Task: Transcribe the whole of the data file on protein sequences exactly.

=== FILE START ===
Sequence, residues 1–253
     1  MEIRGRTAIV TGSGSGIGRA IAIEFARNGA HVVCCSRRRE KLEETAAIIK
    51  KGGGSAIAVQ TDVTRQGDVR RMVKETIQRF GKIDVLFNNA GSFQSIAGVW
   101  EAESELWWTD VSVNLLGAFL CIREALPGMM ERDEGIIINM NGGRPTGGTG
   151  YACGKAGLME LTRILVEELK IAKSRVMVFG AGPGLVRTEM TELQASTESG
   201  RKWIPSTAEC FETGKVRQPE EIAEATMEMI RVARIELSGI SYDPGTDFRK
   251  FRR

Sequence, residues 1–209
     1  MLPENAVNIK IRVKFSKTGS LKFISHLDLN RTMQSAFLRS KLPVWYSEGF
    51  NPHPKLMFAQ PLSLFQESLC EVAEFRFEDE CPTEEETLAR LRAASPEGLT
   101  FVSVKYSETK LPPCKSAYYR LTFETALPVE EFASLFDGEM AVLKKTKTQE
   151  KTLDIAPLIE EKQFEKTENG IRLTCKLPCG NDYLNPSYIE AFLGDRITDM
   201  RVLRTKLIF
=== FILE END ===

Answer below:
Sequence, residues 1–253
     1  MEIRGRTAIV TGSGSGIGRA IAIEFARNGA HVVCCSRRRE KLEETAAIIK
    51  KGGGSAIAVQ TDVTRQGDVR RMVKETIQRF GKIDVLFNNA GSFQSIAGVW
   101  EAESELWWTD VSVNLLGAFL CIREALPGMM ERDEGIIINM NGGRPTGGTG
   151  YACGKAGLME LTRILVEELK IAKSRVMVFG AGPGLVRTEM TELQASTESG
   201  RKWIPSTAEC FETGKVRQPE EIAEATMEMI RVARIELSGI SYDPGTDFRK
   251  FRR

Sequence, residues 1–209
     1  MLPENAVNIK IRVKFSKTGS LKFISHLDLN RTMQSAFLRS KLPVWYSEGF
    51  NPHPKLMFAQ PLSLFQESLC EVAEFRFEDE CPTEEETLAR LRAASPEGLT
   101  FVSVKYSETK LPPCKSAYYR LTFETALPVE EFASLFDGEM AVLKKTKTQE
   151  KTLDIAPLIE EKQFEKTENG IRLTCKLPCG NDYLNPSYIE AFLGDRITDM
   201  RVLRTKLIF